Most of the time, a dog’s immune system and overall health help keep the mites in check. Canine Demodicosis is a form of mange that develops when a dog, usually young puppies and older dogs, cannot keep the mites under control. The symptoms of Demodectic mange appear and spread throughout the dog’s body.
Demodectic mange is also known as red mange or Demodex. Even though it is found present on dog breeds, it is not contagious to humans, so you can still hug your pet without worry. Demodectic mange is further categorized into two forms: localized and generalized.
Other Kinds of Mange
Even though Sarcoptic mange and Demodectic mange are the two most common forms, other mites can also cause mange. Just like the other two, these spread from another infected animal.
Below are some types of mange you should watch out for!
- Trombiculosis: This type of mange is caused by parasitic larvae that attach themselves in clusters on a dog’s head, ears, paws, or belly. Symptoms are similar to other mange and can be treated as well.
- Otodectic Mange: Otodectic mange is caused by mites usually found in your dog’s ears. The mites are called Otodectes cynotis and may cause swelling in the ear canals of dogs and cats. A vet may prescribe medication to address this condition.
- Cheyletiellosis: This mange is more commonly referred to as Walking Dandruff. The mites can be seen walking on the dog’s skin upon closer inspection. It is contagious to humans and should be addressed with a veterinarian immediately.
What Are the Signs & Symptoms of Mange in Dogs?
Being a dog owner is all about providing responsible care and affection to our pets. Keep your dog in tip-top shape by knowing what the signs and symptoms of mange are.
The signs and symptoms between sarcoptic mange and demodectic mange are similar with a few differences.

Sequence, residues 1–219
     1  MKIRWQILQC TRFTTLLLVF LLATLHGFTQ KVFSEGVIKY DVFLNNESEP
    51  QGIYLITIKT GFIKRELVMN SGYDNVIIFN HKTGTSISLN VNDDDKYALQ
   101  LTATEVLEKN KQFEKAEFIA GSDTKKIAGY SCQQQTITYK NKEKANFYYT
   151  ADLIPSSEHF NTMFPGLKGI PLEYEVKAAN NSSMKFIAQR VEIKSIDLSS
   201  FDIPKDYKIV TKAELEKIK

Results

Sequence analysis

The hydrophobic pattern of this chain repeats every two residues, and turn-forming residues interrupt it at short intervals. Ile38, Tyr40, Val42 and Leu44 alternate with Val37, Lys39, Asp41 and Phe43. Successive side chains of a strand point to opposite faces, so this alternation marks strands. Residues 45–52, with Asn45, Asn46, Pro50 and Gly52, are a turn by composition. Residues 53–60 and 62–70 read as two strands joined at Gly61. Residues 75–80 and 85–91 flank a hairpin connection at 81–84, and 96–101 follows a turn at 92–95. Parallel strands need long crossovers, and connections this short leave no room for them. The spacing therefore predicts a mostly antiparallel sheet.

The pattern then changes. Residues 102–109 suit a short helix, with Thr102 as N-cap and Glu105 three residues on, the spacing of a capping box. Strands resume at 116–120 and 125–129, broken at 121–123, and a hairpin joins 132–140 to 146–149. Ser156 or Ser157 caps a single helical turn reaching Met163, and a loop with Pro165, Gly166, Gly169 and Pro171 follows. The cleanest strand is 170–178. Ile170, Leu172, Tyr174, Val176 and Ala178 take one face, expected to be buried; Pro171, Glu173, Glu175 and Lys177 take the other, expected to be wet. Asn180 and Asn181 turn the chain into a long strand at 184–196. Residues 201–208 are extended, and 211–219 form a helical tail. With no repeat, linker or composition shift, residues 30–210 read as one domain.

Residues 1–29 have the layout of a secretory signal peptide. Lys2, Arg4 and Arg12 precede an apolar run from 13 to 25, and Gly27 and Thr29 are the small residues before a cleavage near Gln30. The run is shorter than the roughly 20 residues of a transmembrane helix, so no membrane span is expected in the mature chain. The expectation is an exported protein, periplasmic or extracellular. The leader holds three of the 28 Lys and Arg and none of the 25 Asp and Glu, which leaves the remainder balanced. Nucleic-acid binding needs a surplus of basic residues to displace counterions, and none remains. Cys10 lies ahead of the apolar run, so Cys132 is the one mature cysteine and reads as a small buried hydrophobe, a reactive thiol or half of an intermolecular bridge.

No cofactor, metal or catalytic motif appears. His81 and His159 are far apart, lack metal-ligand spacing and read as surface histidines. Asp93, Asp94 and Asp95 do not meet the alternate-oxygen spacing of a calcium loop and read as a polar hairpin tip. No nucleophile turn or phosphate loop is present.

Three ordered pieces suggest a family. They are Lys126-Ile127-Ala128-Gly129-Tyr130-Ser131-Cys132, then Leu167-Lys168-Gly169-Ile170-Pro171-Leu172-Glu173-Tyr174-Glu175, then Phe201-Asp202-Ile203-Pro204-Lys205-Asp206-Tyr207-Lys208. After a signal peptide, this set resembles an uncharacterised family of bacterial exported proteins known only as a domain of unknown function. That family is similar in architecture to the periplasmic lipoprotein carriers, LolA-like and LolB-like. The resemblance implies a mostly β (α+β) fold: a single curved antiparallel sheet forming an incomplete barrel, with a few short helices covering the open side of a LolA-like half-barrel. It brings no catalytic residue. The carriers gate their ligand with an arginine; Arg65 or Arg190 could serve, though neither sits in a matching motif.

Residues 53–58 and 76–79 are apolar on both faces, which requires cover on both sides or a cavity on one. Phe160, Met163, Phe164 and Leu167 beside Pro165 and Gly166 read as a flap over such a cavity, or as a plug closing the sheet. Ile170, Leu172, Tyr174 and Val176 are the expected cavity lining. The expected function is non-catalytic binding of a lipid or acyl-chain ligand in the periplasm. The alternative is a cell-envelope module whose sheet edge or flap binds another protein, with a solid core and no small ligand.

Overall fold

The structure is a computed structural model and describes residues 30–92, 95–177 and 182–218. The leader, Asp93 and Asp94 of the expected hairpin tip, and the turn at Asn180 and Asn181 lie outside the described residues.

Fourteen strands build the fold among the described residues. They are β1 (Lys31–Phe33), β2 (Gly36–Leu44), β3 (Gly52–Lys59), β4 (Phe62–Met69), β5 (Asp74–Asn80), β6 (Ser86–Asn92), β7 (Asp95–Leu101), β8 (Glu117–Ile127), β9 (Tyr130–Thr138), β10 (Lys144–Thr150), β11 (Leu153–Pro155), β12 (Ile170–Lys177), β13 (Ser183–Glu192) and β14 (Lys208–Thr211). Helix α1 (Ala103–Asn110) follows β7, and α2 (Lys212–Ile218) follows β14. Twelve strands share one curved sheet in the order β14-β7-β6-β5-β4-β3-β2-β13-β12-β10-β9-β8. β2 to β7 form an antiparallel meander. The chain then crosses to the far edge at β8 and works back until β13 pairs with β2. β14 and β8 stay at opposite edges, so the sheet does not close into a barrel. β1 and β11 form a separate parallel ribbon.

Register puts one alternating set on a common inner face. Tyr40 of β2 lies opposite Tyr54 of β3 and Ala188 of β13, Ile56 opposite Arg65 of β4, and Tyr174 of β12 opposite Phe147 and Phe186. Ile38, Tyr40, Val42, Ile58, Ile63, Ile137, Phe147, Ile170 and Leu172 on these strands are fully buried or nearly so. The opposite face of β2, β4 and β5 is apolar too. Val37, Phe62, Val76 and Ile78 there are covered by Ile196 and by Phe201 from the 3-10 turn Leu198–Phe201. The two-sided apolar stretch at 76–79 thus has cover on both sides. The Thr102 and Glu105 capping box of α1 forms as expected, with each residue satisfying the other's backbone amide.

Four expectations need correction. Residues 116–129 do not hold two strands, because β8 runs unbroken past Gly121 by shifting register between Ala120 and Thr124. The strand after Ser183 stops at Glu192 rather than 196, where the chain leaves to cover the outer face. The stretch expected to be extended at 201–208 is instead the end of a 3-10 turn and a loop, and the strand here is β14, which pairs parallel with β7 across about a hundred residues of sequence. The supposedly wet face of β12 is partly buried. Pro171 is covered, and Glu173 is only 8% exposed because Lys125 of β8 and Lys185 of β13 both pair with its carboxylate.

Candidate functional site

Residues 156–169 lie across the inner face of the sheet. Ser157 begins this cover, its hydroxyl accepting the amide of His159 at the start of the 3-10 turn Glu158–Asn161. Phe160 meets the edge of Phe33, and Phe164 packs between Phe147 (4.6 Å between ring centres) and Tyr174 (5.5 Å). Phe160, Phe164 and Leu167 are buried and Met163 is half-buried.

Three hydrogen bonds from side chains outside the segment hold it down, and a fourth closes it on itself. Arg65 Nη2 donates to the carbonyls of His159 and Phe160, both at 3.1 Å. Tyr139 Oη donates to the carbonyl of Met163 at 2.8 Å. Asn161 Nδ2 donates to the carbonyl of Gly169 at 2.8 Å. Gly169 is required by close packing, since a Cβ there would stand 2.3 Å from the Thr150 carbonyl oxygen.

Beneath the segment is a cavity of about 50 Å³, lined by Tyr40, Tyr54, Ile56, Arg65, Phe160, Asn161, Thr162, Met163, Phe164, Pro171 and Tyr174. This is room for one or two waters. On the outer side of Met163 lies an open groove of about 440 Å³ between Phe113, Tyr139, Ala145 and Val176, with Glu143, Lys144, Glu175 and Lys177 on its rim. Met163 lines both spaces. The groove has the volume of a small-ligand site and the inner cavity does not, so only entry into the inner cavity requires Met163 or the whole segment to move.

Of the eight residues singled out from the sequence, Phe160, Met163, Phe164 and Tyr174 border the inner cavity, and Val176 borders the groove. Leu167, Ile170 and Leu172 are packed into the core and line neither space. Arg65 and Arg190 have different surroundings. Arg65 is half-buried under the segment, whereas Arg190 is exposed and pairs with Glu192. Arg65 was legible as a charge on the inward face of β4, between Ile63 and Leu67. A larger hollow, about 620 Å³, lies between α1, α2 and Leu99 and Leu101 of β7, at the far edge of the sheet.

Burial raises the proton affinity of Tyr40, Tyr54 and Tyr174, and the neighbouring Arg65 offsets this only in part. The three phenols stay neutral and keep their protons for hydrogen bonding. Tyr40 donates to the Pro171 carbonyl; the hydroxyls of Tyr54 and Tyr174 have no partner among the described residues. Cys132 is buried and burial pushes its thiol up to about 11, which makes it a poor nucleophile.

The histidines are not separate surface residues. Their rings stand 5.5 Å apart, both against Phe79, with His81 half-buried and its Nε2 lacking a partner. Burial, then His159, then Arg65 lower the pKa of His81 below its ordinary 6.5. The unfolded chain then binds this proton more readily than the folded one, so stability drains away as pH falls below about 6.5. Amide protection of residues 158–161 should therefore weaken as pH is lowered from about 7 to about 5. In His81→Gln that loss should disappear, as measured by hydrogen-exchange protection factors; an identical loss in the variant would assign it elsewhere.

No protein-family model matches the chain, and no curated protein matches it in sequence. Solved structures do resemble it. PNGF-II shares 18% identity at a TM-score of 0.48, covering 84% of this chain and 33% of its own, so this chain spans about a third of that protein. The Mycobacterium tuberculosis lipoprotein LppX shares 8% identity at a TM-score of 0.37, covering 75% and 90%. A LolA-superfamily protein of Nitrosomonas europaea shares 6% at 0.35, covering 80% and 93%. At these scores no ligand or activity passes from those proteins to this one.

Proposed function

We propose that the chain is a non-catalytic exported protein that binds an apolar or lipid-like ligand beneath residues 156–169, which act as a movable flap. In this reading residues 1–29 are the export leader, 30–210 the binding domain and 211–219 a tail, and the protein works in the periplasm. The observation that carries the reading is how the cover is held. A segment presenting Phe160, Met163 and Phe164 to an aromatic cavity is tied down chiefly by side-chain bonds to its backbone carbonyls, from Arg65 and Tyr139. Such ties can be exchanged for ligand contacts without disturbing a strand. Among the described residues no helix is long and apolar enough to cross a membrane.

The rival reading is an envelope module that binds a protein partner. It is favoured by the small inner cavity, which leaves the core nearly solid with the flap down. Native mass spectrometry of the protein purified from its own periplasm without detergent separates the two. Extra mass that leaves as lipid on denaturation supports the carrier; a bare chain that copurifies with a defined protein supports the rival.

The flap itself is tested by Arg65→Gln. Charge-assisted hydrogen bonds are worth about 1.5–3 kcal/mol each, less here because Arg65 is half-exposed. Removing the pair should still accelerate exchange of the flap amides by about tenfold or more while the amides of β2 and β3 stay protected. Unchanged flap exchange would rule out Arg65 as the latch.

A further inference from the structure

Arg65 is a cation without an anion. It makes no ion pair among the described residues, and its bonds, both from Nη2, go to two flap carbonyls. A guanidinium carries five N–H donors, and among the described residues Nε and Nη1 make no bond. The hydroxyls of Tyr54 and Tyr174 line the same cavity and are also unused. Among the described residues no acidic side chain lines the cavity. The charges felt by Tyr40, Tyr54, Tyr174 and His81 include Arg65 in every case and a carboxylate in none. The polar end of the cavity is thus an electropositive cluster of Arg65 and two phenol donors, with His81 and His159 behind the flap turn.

Canine Scabies Symptoms
The mites that cause demodectic mange usually prefer hairless areas of your dog’s body, such as its belly or ear flaps. The symptoms start to appear within two to six weeks after initial contact.
One of the first things to occur is intense itching. Your dog will scratch, lick, bite, or even rub the infected area on a hard surface as a way to alleviate the Itchiness. The mite bites into the skin, leaving tiny itchy bumps and redness on you or your pooch. As your dog continues to scratch, the small bumps and the surrounding skin become irritated.
Hair loss is common as the itching intensifies. The excessive skin irritations cause sores to dry out and possibly bleed. These small but open wounds are susceptible to fungal or bacterial infections.
When left untreated, the skin becomes scabby and crusted, with yellow pus that leak from the wounds. In severe cases, your dog may become extremely skinny due to mange infection.
The signs that your dog has Demodectic mange depends on which form it has. One of the main reasons it called red mange because of the red skin on the affected areas. In addition, weakened or not fully mature immune systems are a major contributor to Demodectic mange symptoms.
- Localized Demodectic Mange: Common symptoms include patches of hair loss, usually on the head, redness, and minor swelling. Itchiness is sometimes not present or mild. Some puppy dogs that have localized Demodectic mange have a small percentage of having it turn into generalized mange.
- Generalized Demodectic Mange: Once the skin disease spreads all over the body, it becomes generalized Demodectic mange. The infection may spread hair loss, redness, scaly skin, swollen sores, and Itchiness.
Common Signs of Dog Mange